Boy, it's a hell of a thing – I went weeks without putting anything here, because I just had NO time to even contemplate it, and now I got posts stacked up and circling like 747s at LaGuardia.
But I do have to bump the regularly scheduled programming for today. Because today, I said goodbye to my first book. Yep – as of right now, One Night in Sixes is officially off to the printer, and out of my hands forever. So, you know, huzzah and bittersweetness and metaphors about sending the baby off to college and all of that. All of it!
Here is what's really amazed me about the whole process, though. At every milestone on the road to publication, the scope for changes gets smaller. First the content edits (big picture story stuff). Then line edits (sentences and paragraphs.) Finally the page proofs (individual words, typos, punctuation.) Like that duck in a pond that’s slowly freezing over, you the author are swimming in smaller and smaller circles, until finally you have to heave your duck ass out of the water, because it – your book – is becoming a fixed, finished thing, with no more room for you or your endless fiddling.
|Which isn't to say we didn't catass every page of those revisions.|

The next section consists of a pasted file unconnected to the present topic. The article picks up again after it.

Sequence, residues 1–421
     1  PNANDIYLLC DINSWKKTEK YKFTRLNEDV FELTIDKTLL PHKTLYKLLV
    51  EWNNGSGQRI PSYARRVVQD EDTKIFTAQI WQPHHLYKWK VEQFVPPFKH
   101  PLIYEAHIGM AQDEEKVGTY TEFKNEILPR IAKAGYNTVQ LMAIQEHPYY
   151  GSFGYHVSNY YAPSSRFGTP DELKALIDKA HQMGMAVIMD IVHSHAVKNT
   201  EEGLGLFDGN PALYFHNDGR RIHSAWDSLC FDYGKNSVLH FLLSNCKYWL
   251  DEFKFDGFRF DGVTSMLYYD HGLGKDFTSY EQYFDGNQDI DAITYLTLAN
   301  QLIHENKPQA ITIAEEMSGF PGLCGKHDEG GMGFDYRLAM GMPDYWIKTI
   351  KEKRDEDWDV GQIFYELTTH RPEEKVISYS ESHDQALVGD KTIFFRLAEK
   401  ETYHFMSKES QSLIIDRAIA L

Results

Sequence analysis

Needless to say, I've spent MONTHS angsting about how this book will be received – you know, how well it will sell, and who will hate it and why, and whether and how I can deal with that. But what surprised me this weekend is that... like, I thought that by the time I got this far, I would look at this sucker and think, "Yes. This is absolutely the best that it can ever be. It is a flawless gem, one that I am now sick of looking at. Go, my precious diamond, and cleanse the world with your light!"
But I'm not sick of it. I love this story as much as I ever have. And it's not perfect. Or at least, I'm still looking at it and seeing ways to change it, even though the deadline for those kinds of changes has long since passed.
I thought that would make me sad. After all, this is my first published work, my first impression. This is the thing I chose to write when I was soft and new and nobody had any expectations about me. Once this book is out in the world, I will officially no longer be an unknown quantity. I will be judged by my sales numbers, star ratings, genre, style, reviews – rightly or wrongly, people will look at this thing I made and think, "That's her. That's what she does." And although I can always go write something completely different later, One Night in Sixes will always be out there - a yardstick that people will use to measure me, and a permanent part of my reputation.
But even though it was years in the making, this book isn't my one single, special pearl. It's more like a skin or a shell – a reflection of me and what I could do at a specific time in my life, and one that had to be finished and cast off so that I could start growing another one, and another after that.
(With that said, I do hope you enjoy my first fictive sloughing - I will be talking about it in far more appealing terms over the next few months!)
Oh, and in the name of posterity and motivation for everybody who's still in the trenches, this manuscript was born on February 2nd, 2007, and ended yesterday, May 18th, 2014. Seven years, three months, and sixteen days. Keep at it, y'all. It's a long row to hoe, and there's nowhere to go but forward.
Pulitzer Prize, here I come! Hemingway! Steinbeck! Scuzzbopper!